Review: Rentboy


Title: Rentboy

Author: Fyn Alexander

Publisher: Loose ID

Genre: MM Romance, Suspense

Rating: 3.5 out of 5 stars

I enjoyed this tale about a scrappy London college student grappling with an abusive father, alcoholic mother, and autistic siblings. There was a good mixture in the plot of mystery, danger, suspense, and romance. I liked both the main characters, as well as the other key players. I also particularly liked that it was easy to tell this was written by a native of the UK in general and possibly of London in particular. The language felt authentic and quirky. The sex was okay–I’m not really into exhibitionism, so I sort of skimmed those parts.

I did have issues with the book, however. The writing is really uneven–there’s way too much telling in parts, and sometimes the writing is just plain clunky. I think it could have been better edited. There are parts that are just plain unrealistic as well. I took it as a spy movie kind of fantasy, and let that part go. I get that Edward is socially naïve, a nerd, etc. But I found his lack of believing in Fox’s explanations not fitting with the Edward who is first introduced in the book. Things were just a little too convenient at times.

I’m going to assume that the writer is still in a fairly early stage of development. If I’m wrong, then Fyn needs to take a closer look at the work, and try to even things out a bit. I think a lot of explanation could have been cut from the book without losing anything, and it would have been better.


Genre, Genre, who’s got the Genre?

Under another name I’ve already written two books. I’m at the point now where I’ve got a system when starting a new book and a new series. I have my little notebook where I can write all the notes about characters, the world, plot lines, and any research I might need.

So the next book I’m about to write is going to incorporate several things I find interesting. First, the protagonists are gay. Second, there will be a developing romance between them. Third, there are paranormal elements. Fourth, there is a mystery to solve, and elements of suspense and thriller. And last, I plan to have explicit sex featured in the books, including elements of BDSM, so that makes it erotic fiction as well.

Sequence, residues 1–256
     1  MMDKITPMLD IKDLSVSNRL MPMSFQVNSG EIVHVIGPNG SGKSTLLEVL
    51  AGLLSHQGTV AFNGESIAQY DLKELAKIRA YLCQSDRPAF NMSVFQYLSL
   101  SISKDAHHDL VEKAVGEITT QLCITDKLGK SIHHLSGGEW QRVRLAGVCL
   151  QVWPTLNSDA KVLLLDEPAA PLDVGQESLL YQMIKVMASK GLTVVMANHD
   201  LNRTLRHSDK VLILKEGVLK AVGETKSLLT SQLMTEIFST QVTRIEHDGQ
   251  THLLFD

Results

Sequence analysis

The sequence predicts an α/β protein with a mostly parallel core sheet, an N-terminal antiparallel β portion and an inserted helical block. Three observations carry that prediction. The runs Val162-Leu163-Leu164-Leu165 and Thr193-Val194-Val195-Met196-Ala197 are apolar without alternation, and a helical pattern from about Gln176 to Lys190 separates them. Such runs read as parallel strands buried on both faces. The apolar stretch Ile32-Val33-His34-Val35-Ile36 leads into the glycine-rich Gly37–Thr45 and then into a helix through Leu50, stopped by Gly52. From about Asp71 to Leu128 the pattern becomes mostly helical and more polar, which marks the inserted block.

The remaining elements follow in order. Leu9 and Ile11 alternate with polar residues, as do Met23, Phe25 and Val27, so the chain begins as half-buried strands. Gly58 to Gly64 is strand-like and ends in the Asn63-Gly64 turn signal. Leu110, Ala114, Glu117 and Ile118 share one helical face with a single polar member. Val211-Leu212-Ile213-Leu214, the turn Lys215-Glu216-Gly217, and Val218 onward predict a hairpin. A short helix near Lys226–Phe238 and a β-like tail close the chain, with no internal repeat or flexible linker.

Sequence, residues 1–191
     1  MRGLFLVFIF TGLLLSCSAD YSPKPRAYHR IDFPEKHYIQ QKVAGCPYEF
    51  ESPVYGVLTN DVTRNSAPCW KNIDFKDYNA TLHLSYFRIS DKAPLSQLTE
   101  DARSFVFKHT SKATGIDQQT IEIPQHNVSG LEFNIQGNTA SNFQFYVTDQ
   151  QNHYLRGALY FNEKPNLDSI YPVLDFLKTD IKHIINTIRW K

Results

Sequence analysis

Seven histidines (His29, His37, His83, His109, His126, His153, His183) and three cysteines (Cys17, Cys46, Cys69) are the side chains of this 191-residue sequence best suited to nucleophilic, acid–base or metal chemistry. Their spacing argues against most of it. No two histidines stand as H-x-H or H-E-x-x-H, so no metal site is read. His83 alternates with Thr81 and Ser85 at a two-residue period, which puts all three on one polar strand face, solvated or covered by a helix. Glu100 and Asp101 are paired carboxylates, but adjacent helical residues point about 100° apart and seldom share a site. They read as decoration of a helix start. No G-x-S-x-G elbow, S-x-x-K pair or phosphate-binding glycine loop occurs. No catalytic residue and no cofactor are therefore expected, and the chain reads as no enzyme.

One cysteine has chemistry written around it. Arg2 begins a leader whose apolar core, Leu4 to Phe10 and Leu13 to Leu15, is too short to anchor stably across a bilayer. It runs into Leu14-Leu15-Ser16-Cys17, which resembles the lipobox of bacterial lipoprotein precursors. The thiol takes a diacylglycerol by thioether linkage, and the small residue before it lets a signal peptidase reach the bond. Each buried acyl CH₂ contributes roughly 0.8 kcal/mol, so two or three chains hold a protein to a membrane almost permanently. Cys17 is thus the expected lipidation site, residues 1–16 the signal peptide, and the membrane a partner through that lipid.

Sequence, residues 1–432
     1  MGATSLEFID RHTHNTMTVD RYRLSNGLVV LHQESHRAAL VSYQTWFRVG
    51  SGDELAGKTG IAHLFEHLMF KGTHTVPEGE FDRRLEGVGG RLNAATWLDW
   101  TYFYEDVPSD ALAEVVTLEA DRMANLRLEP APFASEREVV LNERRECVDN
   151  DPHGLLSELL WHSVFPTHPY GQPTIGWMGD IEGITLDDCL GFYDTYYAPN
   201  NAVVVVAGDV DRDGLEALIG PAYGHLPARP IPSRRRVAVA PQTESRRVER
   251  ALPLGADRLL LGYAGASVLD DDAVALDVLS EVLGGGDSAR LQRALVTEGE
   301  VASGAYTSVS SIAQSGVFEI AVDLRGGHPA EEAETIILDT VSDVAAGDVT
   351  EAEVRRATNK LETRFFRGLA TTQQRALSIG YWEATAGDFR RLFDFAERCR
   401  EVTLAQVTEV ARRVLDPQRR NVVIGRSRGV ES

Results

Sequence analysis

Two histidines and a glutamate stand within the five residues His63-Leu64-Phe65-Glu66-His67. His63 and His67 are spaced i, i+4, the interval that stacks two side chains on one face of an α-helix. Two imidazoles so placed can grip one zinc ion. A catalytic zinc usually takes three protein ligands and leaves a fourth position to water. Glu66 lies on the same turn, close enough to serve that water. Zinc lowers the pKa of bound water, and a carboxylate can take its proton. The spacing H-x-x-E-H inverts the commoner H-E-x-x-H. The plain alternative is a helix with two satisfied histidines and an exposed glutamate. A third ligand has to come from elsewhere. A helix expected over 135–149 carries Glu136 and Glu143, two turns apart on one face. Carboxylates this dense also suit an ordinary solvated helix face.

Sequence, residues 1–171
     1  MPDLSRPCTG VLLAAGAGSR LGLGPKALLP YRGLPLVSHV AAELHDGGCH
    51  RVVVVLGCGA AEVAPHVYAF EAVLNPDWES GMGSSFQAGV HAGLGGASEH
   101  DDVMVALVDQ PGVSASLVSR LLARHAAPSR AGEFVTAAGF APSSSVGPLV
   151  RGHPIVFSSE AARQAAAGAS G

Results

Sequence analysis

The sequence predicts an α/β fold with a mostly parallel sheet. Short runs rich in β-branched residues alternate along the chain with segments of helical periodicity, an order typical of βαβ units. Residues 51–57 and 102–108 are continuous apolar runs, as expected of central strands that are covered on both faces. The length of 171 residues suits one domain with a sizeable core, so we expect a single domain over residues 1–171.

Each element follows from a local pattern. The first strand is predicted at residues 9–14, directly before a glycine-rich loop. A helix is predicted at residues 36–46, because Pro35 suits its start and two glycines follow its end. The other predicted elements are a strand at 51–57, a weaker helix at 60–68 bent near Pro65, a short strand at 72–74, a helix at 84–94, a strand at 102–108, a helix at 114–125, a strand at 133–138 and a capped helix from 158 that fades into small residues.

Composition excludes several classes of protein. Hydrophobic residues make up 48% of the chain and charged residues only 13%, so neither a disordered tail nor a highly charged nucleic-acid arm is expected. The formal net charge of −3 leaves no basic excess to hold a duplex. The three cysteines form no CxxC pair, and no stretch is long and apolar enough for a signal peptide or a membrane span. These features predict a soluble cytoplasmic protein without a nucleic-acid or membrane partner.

This leaves me pondering what to call the genre of this thing. The simplest might be gay erotica, but I plan to feature the mystery plot just as prominently as the sex, if not more so. Gay mystery series? I know there’s a mystery to be solved in the first book, and I have a larger arcing mystery/problem for future books, but I can’t say for certain that this will be a true mystery series. It might fit better into suspense.

Normally I just write and worry about genre later, but since the mystery genre is so specific, I find myself having to make decisions even before I start writing. If mystery is my focus, then it’s a whodunnit, and that’s my outlined plot. If it’s suspense, however, then it’s about the danger and risk to the protagonists, and the mystery is secondary.

The worst thing is there doesn’t seem to be a lot of this out there, so it’s not like I can look to other examples. So am I crazy?  I could tone down the sex except I have it as an integral part of both the characters and the paranormal aspects. (I’m taking “power exchange” to the next level, let’s just say.)

For now, the best I can do is just get my thoughts down and let my instincts guide me.